Sayadaw U Jotika, opened his Bangkok talk with some of his own experiences. He said that one of the very wisest people he had ever know was his mother – someone without a good education or scholarly understanding of Buddhism. He himself has spent a lot of time studying the scriptures and asking probing questions, but has never let go of that insight that in the final countdown, wisdom is not something that can be learned from books or scriptures.
By way of example of his scriptural study we heard how he read the famous Mangala Sutta, where he came upon the repeated line ‘this is the highest blessing‘. He asked himself, and then all around him, just what was meant by blessing. No one could give him a satisfactory answer. ‘Blessing‘ he finally found out, means ‘basis for accomplishment‘. In terms of the sutta, there is a list of recommended behaviours that are the ‘basis for highest accomplishment‘. Such as ‘not to associate with fools, and to honour the honourable, this is the highest blessing’.
So how do you ‘honour the honourable’? There are various ways, one of which is to pay respect and lend ear to those who are wise. In his own life, this role was first and most indelibly presented to him in the form of his own mother. This balance between scholarly pursuit and training, and the recognition that knowledge is not wisdom, seems to sum up the charisma and presence of this respected Sayadaw.
Honouring the Honourable
The statement seems to be common sense, and like most dhamma, it is. Yet it is not advice that people commonly follow. What do we honour in our society? In the UK her Majesty the Queen hands out every year the CBE and MBE awards reocognising various people for their contribution to society. While there are social workers and scientists on the list, the names that are reported are always the actors. Yes, people are honoured in the UK just for being on telly. Sean Connery, Elton John, Paul McCartney, all probably very nice people in their own right, have been honoured with knighthood no less – they are now officially Sirs.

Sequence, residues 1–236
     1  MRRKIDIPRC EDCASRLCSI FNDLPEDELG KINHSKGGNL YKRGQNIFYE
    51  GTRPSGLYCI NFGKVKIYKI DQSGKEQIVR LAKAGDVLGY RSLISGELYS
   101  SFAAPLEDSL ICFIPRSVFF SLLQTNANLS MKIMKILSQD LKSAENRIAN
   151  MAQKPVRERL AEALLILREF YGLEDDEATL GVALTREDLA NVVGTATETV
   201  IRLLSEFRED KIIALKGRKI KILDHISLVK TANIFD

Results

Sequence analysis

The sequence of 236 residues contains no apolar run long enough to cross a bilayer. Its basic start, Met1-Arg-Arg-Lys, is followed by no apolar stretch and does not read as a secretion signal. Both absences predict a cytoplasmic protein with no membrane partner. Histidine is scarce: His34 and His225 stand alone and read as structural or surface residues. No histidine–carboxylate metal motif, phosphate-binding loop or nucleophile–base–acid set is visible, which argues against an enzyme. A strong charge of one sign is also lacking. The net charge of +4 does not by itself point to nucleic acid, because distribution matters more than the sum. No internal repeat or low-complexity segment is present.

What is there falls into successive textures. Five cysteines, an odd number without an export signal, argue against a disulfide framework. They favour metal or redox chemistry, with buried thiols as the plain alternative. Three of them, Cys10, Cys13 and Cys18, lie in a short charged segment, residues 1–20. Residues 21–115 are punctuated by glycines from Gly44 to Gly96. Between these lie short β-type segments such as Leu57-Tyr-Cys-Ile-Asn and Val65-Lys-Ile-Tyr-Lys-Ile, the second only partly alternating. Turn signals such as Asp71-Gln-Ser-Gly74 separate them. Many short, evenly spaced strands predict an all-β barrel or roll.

Thai society honours the monkhood (Sangha) but seems to delight more in picking faults than finding those who are worthy of honour and reporting that. And much of the time when the honourable are honoured, such as the Dalai Lama receiving the Congressional medal in the US, it is more a ploy of politicians to present themselves as honourable by means of association.
Making anjali, in Thai called to ‘wai’, which is putting your palms together and raising them, is an ancient salute which means ‘I honour that which is highest in you’. Paying attention to such a meaning is paying homage to that which is highest; a recognition of the good aspects which are in everyone. Similarly, with the Ordained Sangha, when one makes anjali or bows to a monk or Buddha image, it is not the person that is receiving the honour but the institution – you are paying respect to the Buddha, Dhamma and Sangha in general, and never the monk in particular. Monks also bear this in mind, so they know it is not through their own merits that people pay respect, but through the Buddha, Dhamma and Sangha in general. Any other attitude leads to either conceit or guilt. Knowing this, monks are happy bowing and paying respects to their elders without judgement of the individual.
Sayadaw U Jotika mentioned a further way in which one can ‘honour the honourable’ and that is by respecting and encouraging those aspects of yourself that are worthy of honour. In the guilt laden, neurotic Western society this a particularly important factor, as there is far too much blame and low self esteem. Everyone has good qualities, and if you do not acknowledge or admire them, they will lose their energy. According to Samma Vayama (Right Effort) you should make a strong continual effort to rouse and maintain those states of mind that are worthy of honour (Kusala).
This makes perfect sense, and yet people do not honour the right things. Things that entertain, excite, stimulate are honoured with people’s attention and respect, while those things that are less exciting, based around renunciation or letting go, are not given due attention.